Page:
A low-speed leg, along the Pacific Coast Highway to the nearby coastal town of Marshall nets a 32-mpg (7.4-L/100 km) average, besting the RLX hybrid’s 30-mpg (7.8 L/100 km) EPA-estimated combined rating. The Sport-mode route returns 25.5 mpg (9.2 L/100 km). That’s not great, but it’s still better than the EPA-estimated averages seen in non-hybrid V-6 sedans, including the gasoline-engine-only RLX’s 24 mpg (9.8 L/100 km).
Another bit of standout technology on the RLX Hybrid is the car’s 7-speed transmission.
’s first DCT sets the standard for the gearbox. If it wasn’t for tachometer needle movement you’d never know shifts were occurring.
The RLX Hybrid’s interior is a mixed bag.
The space is roomy and comfortable. Front seats are nicely contoured, not wide and flat as those in the A6 and GS 450h. Rear legroom is ample, even in the middle seating position, although outboard headroom is tight.
The sedan has Acura-typical great fit-and-finish and some nice attention to detail, including sharp metal-look speaker grates on doors.
But it falls short of other V-6 hybrid competitors and some V-8 models due to cheaper materials.
Grab bars are hard plastic, not wrapped with leather or a similar soft material; wood trim is fake, not the real deal, and door padding is on the thin side.
But perhaps the biggest flaw of the RLX Hybrid is it shares a center-stack layout with, the overwrought dual-screen system.
The latter dinged the Accord in this year’s Consumer Reports annual reliability survey and for good reason: You’re never quite sure which information you should be seeing on which screen, or how the info on the screens is getting there.
And the menu structure is needlessly complex. It should not take two screen touches to turn off the air conditioning.
For Acura to be considered a true luxury brand it needs to craft a unique, simplified center stack, and not employ one from its lower-priced sister brand.
The flaws are glaring, especially with Acura hinting it will price the RLX Hybrid at $60,000-$65,000.
The 48-year-old male, married, healthcare/financial services/real-estate professional target-buyer has a lot of choices at that price point, including’s AWD, high-mileage 535d sedan and Mercedes’ E550 4Matic, as well as the less expensive Mercedes E250 diesel and E400 hybrid models.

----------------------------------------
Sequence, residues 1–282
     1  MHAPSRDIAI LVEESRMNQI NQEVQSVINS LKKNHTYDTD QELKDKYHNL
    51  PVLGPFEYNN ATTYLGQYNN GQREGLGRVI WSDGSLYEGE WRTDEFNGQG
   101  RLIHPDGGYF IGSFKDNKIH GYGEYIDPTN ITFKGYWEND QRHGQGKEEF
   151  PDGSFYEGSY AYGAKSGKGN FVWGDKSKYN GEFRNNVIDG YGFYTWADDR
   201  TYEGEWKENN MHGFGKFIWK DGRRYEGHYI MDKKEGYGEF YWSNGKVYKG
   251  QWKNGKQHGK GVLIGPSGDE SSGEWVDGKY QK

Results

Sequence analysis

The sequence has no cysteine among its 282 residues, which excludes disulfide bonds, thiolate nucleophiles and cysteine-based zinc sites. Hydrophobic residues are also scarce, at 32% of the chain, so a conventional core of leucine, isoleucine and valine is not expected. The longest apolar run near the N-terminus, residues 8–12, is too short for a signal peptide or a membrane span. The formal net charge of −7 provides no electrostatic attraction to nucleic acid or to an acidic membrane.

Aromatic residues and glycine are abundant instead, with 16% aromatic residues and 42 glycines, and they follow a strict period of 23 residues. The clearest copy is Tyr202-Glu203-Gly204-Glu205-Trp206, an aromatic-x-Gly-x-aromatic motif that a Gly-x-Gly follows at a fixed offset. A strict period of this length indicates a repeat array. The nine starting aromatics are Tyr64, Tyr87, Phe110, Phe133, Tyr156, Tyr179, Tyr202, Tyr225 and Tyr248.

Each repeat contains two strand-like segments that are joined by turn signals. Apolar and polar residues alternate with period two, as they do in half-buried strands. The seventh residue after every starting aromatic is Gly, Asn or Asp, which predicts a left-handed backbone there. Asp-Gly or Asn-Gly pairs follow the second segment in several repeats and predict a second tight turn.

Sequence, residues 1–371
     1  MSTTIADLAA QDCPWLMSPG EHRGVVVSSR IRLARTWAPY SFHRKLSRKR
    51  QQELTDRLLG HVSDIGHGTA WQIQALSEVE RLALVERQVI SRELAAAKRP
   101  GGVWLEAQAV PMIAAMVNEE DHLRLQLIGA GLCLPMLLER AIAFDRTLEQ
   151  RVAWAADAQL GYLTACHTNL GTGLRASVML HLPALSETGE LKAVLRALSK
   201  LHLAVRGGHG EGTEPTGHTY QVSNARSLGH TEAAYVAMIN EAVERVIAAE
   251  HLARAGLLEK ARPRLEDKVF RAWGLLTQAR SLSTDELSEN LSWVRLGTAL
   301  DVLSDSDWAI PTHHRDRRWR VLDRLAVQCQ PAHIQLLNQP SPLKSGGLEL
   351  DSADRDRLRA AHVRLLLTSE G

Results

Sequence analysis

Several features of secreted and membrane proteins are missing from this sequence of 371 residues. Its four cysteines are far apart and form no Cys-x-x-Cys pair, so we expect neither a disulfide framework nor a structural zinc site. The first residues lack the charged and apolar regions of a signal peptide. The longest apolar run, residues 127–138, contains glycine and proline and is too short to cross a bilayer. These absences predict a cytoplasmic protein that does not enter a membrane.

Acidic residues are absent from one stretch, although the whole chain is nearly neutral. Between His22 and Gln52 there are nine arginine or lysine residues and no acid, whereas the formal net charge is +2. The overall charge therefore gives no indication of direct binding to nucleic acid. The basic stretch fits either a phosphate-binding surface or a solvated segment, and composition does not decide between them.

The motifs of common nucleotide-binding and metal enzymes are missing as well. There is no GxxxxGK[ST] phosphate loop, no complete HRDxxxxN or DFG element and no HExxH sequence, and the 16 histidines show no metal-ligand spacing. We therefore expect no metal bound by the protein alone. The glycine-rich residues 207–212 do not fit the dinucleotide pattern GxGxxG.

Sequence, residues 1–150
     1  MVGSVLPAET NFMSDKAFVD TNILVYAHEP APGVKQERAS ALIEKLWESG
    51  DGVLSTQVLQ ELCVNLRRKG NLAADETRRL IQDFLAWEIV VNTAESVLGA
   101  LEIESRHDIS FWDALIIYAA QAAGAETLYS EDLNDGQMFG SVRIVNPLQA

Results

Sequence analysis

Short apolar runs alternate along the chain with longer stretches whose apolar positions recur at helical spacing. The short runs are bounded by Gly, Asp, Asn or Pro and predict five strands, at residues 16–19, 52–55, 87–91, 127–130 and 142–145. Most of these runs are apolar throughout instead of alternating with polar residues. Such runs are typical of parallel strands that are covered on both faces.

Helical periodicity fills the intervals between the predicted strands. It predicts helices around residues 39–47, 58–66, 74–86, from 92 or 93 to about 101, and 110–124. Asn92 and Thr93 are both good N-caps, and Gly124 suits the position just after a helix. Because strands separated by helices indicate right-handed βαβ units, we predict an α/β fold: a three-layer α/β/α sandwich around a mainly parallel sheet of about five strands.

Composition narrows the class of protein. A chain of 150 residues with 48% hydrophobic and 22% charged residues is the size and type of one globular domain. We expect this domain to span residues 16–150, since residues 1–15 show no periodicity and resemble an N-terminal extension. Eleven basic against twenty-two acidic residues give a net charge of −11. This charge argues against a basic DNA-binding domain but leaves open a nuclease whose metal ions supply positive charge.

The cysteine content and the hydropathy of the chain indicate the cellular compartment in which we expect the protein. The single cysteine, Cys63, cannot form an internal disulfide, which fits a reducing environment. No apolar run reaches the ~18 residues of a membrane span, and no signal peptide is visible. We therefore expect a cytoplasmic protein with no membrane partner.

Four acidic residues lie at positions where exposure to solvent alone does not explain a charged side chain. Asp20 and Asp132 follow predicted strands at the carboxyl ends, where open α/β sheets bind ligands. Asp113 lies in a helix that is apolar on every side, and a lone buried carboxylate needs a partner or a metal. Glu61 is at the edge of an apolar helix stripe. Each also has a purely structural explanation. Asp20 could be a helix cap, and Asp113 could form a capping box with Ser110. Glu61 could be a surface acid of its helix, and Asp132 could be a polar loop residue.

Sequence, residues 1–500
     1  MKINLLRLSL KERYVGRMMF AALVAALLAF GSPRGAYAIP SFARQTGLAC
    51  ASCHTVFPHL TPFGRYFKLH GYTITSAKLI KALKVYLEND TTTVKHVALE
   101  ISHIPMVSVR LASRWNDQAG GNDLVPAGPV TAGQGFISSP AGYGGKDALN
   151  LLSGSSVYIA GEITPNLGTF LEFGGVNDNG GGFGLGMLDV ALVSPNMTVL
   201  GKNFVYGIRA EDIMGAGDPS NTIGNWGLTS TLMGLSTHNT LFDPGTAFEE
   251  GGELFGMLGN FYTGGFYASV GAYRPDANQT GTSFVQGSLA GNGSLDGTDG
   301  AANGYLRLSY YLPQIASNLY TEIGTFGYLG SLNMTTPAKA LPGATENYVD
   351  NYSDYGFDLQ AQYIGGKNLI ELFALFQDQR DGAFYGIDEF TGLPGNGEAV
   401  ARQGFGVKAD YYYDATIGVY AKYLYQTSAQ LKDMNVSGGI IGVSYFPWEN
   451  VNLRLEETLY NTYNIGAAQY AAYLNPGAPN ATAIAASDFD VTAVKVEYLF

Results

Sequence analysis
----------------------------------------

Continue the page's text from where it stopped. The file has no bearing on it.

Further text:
The RLX Sport Hybrid technology is worth $60,000-$65,000, but the Acura badge can’t command the same premium asor Mercedes. We’ve seen the brand unsuccessfully try to compete dollar-for-dollar with the Germans before, most recently with the slow-selling ILX compact sedan.
If Acura can get the RLX hybrid’s price down a bit, improve the interior and market it well, it has a shot at getting the credit it deserves for this technological marvel.
|Vehicle type||5-passenger, AWD compact car|
|Engine||3.5L direct-injected V-6, all-aluminum head/block|
|Power (SAE net)||310 hp @ 6,500 rpm (Total system: 377 hp)|
|Torque||273 lb.-ft. (205 Nm) @ 4,700 rpm (Total system: 377 lb.-ft. [511 Nm])|
|Bore x stroke (mm)||89.0 X 93.0|
|Transmission||7-speed dual clutch|
|Wheelbase||112.2 ins. (2,850 mm)|
|Overall length||196.1 ins. (4,982 mm)|
|Overall width||74.4 ins. (1,890 mm)|
|Overall height||57.7 ins. (1,466 mm)|
|Curb weight||4,312 lbs. (1,956 kg) with Technology package (4,354 lbs. [1,975 kg] with Advance package)|
|Fuel economy||28/32 mpg city/hwy est. (8.4-7.4 L/100 km)|
|Competition||Infiniti M Hybrid, Lexus GS 450h, Audi A6 3.0T, Mercedes-Benz E550, BMW 535|
|Good fuel economy for 377-hp car||Pricier than some comps|
|Roomy, comfortable interior||Honda look-alike center stack|
|Unique 3-motor design||Lots of tech-y choices in segment|